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The death of a loved one in any circumstances can be extremely traumatic for family and friends.

But when there are unanswered questions about what or why a death happened, it can make that grief even harder to bear.

When someone dies following medical treatment, relatives will want answers about what happened, whether it was preventable and, if so, what can be done to prevent it happening to anyone else.

A Coroner plays an important part in getting some of these answers and establishing the circumstances surrounding an unusual or unexplained death.

What does a Coroner do?

Certain unexplained or unusual deaths are reported to a Coroner to carry out an independent investigation.

They are responsible for investigating, establishing and recording the facts; who the deceased is, what happened, where, when and why. They are also responsible for investigating the circumstances surrounding a death and making recommendations designed to prevent other deaths in the future.

A Coroner may investigate:

  • unexpected, unnatural or violent deaths (including homicides and suicides)
  • when the identity is not known
  • when the cause of death is not known
  • when a person dies who was in care, custody or as the result of police activity.
  • when the death was caused by preventable or unusual factors, including the acts or omissions of third parties.

The Coroner does not attribute blame, it is a fact-finding process.

Do Coroners investigate medical negligence?

Deaths during or following medical treatment tend to be reported to a Coroner for investigation when certain red flags are raised. Generally speaking, a death arising from medical treatment is reportable when:

  1. the death may have been caused by the medical treatment or procedure; or
  2. the death was unexpected.

What powers does a Coroner have?

Coroners have considerable powers, including summoning witnesses and medical experts to give evidence at an inquest.

They can also authorise police officers or other persons to take statements from witnesses, gather evidence, take possession of a body, or conduct an autopsy.

In the context of medical treatment, a Coroner also often asks people working within the Court to undertake investigations, research, obtain expert evidence and form a preliminary opinion about the circumstances surrounding the death and the role the treatment played in it.

What is an autopsy?

An autopsy is a detailed external and internal medical examination of the deceased’s body conducted by a forensic pathologist and is used to determine the medical cause of death. However, it may not look at the wider circumstances surrounding the death, including whether medical treatment may have caused it.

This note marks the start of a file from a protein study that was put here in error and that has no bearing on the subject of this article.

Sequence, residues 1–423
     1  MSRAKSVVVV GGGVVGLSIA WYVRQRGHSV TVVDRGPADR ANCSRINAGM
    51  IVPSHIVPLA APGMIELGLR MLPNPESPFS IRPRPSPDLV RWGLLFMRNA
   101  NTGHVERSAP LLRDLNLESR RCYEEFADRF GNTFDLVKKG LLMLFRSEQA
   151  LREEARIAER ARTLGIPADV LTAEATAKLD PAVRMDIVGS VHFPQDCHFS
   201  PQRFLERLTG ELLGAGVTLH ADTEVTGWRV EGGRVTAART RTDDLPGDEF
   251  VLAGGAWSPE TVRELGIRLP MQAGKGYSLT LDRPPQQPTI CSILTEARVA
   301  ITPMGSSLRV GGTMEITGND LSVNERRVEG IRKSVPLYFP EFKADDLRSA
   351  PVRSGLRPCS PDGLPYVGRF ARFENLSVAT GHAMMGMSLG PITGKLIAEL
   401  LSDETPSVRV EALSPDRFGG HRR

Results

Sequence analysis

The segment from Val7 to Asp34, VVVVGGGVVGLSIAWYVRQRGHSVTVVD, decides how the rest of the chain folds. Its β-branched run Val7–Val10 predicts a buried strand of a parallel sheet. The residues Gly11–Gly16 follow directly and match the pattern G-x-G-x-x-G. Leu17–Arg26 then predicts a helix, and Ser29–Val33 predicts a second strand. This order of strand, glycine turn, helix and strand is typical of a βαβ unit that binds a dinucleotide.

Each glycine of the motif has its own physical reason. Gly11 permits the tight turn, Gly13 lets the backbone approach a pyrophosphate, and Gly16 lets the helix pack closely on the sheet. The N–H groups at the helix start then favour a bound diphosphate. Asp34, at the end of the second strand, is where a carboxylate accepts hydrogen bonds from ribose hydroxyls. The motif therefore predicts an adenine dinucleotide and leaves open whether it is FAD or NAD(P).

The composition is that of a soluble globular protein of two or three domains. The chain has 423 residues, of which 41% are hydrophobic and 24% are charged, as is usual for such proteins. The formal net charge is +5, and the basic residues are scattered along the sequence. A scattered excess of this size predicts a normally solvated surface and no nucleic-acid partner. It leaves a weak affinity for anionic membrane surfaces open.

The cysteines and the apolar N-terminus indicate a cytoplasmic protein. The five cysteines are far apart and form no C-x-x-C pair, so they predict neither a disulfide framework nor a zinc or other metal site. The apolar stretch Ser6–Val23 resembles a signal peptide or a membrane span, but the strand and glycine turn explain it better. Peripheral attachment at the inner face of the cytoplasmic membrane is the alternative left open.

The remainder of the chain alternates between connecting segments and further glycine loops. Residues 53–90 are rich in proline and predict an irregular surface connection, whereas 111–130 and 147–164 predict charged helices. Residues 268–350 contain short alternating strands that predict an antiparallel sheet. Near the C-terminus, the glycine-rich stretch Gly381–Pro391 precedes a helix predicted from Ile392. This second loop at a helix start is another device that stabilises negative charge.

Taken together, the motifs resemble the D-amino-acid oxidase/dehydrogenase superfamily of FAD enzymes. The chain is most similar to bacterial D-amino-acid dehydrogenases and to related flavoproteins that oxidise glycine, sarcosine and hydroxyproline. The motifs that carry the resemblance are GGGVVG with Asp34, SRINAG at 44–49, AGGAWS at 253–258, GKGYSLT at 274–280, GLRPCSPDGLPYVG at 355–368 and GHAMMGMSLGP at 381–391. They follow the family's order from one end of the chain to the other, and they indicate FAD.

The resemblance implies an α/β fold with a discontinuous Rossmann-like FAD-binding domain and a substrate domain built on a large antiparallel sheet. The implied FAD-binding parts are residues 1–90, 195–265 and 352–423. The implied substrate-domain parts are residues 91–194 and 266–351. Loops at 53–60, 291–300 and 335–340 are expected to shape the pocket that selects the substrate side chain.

Many deaths that are reported to the Coroner may result in an autopsy being undertaken. However, this does not necessarily mean that the Coroner will undertaken a wider investigation or order an inquest.

The deceased’s next of kin can object to an autopsy taking place, particularly if there are religious or cultural reasons. Any such objection needs to be made in writing to the Court.

What is an inquest?

An inquest is a public hearing intended to help establish the facts around a death. Not all deaths reported to the Coroner will end in an inquest. Often, a Coroner will be able to their investigation based on the available information without the need to holding an inquest.

However, there are circumstances where a public hearing will be held, in which experts and witness will be asked to give evidence and be asked questions by the Coroner, representatives of the deceased and other interested parties.

Relatives of the deceased can attend and ask questions, but this can be distressing due to the graphic information which may be examined as part of the process. In many cases, they will be represented by a lawyer, who can ask questions on their behalf.

Can I request an investigation and inquest?

You can request an investigation into a death by writing to a Coroner. Not all requests are actioned and a Coroner will only investigate a death if it satisfies a particular criteria.

It is important to understand your rights and options before requesting an inquest.

Getting answers and understanding what led to a loved one’s death can be an important part of the grieving process.

It can be a painful process for friend and family, but the Coroners’ court has a vital role in shedding light on tragedy and helping prevent similar tragedies taking place in the future.

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